Zimbabwe Lockdown: Day 215 – WCoZ Situation Report

215 days of COVID-19 lockdown in Zimbabwe, the Ministry of Health and Child Care reported that, as of 29 October 2020, the total number of COVID-19 cases had increased to 8 349 after 29 new cases were reported. Active cases went down to 243. A total of 19 new recoveries were recorded; therefore, the total number of recoveries stands at 7 864. The death toll stands at 242.

We highlight the alarming spike in cases wherein 29 people tested positive for Covid-19 as the total number of cases in the country rose to 8 349. Bulawayo holds 13 cases of the 29 cases, Manicaland province 4 cases and both Mashonaland West and Mashonaland East recording one case each. This is concerning in terms of the spread of the cases of COVID-19 indicating potential spread of the virus domestically.

We note that presently reports indicate that in Matebeleland North at St Luke Mission student nurses are in quarantine after a nursing tutor who had travelled to Bulawayo (with 13 new cases) had tested positive for COVID-19.

We continue to reiterate concern for the safety of health care workers as they undertake their work and we raise alarm at the potential cases at St Luke’s, a Catholic Mission Hospital which serves as the largest health facility in Matebeleland North a province of over 749,017 people (2012). 

Critical Emerging Issues

Enjoyment of the constitutional right to access clean and potable water 

We raise alarm over the ongoing water crisis which negates the fundamental human right to access clean and portable water. As growing evidence reveals that women have continued to bear the brunt of the water shortages, the correlation between water and gender can no longer be denied. 

Recent distressing reports have shown that women and girls in areas such as Mabvuku and Tafara have become vulnerable to sexual harassment by some water-bowser suppliers of water. WCoZ thus submits that an unresolved water crisis will continue to pose serious implications on women and girls, thereby inherently giving birth to an unresolved gender equality crisis.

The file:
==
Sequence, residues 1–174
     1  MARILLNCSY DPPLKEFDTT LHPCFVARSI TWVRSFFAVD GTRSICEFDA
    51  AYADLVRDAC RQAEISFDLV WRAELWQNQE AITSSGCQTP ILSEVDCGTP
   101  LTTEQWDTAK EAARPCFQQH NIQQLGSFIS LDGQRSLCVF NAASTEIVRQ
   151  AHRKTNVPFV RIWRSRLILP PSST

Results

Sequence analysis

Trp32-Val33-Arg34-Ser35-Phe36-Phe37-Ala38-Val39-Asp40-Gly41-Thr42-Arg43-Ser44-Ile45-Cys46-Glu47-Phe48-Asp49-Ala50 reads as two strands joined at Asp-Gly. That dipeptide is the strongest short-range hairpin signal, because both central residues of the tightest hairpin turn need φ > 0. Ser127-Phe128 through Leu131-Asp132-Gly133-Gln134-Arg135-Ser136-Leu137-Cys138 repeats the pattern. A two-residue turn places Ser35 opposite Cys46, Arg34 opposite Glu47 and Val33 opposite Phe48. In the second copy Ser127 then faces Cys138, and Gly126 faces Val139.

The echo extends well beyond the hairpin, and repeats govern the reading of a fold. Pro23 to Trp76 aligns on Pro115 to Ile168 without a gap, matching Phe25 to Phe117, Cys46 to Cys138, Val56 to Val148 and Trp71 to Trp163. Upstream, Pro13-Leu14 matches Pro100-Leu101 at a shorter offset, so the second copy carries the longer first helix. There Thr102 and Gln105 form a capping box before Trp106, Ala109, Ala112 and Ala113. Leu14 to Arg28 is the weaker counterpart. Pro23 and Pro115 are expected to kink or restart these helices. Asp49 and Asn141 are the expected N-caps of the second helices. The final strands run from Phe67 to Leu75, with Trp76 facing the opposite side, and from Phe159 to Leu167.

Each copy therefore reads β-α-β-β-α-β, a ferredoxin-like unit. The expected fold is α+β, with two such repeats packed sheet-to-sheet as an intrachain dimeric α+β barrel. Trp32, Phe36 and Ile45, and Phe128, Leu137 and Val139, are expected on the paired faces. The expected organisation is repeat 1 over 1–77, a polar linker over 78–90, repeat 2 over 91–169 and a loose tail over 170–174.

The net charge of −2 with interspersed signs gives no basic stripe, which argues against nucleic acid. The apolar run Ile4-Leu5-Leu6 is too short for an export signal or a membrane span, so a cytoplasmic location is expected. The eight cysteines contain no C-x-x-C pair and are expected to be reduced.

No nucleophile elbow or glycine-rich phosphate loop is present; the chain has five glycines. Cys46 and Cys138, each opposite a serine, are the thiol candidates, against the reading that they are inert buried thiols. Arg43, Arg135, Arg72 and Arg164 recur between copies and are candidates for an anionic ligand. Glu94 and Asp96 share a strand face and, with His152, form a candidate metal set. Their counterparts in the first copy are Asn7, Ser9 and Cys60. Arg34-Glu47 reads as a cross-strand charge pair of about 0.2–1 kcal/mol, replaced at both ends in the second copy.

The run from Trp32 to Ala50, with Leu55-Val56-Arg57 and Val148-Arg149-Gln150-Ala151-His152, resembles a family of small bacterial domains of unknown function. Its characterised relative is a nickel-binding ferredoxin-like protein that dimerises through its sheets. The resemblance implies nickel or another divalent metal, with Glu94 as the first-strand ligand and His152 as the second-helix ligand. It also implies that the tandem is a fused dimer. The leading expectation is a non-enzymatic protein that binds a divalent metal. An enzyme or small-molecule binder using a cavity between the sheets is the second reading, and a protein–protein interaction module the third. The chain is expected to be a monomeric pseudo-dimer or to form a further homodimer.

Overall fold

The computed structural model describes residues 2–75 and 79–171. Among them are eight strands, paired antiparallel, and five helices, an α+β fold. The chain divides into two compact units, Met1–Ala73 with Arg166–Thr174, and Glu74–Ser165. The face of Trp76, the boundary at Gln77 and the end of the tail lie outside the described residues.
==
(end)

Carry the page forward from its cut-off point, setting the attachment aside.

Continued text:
The basis of this argument has been corroborated in the current context of Zimbabwe, where water shortages have negatively impacted women in the following ways:

  • Risk of sexual harassment and violence against women while fetching water from undesignated sources. 
  • Increased burden of unpaid care-work as women have to constantly travel long distances in search of water for washing of clothes, food preparation and household hygiene.
  • Poor sanitation and hygiene, particularly for women and girls during their menstrual cycle.
  • Nursing mothers require more water than anyone else: According to the WHO studies, the basic requirement for a lactating woman engaged in even moderate physical activity is 2.5 litres a day.
  • Lack of privacy.

We therefore recommend the following:

  • Long term comprehensive measures to address the water situation.
  • The ZHRC to closely monitor and investigate the status of the right to water vis-a-vis, the water crisis currently obtaining in the country. 
  • The Government working with other relevant stakeholders to ensure that the overall national sanitation and framework is gender-sensitive.
  • The rapid adoption of legal reforms to strengthen the sexual harassment legal framework in Zimbabwe.

Outstanding issues 

Complacency and disregard of public health guidelines in public spaces

Our networks continue to report increased economic and social activities within communities and businesses. The reports also reveal non-adherence to safety measures such as physical distancing, sanitization of workplaces and regular temperature checks. Our networks have also raised concern over some commuter operators plying long-distance routes failing to maintain public health safety protocols such as physical distancing, and sanitization.

This raises concern as such slackening may affect the system’s ability to detect potential COVID-19 cases amongst the commuting public, thus exposing the public to infection. We worry that such conduct may lead the nation into another spike of COVID-19 cases.

  • We continue to call for the strict implementation of public health safety protocols in the public transport system.
  • We urge enforcement agents to ensure that physical distancing is upheld by public transport operators.
  • We urge citizens to observe physical distancing as they meet and interact in public places such as banking halls.
  • We urge businesses to continuously fumigate premises and workplaces for the safety of workers and patrons.
  • We continue to call for the strict implementation of public health safety protocols in the public transport system.

Source: Women’s Coalition of Zimbabwe

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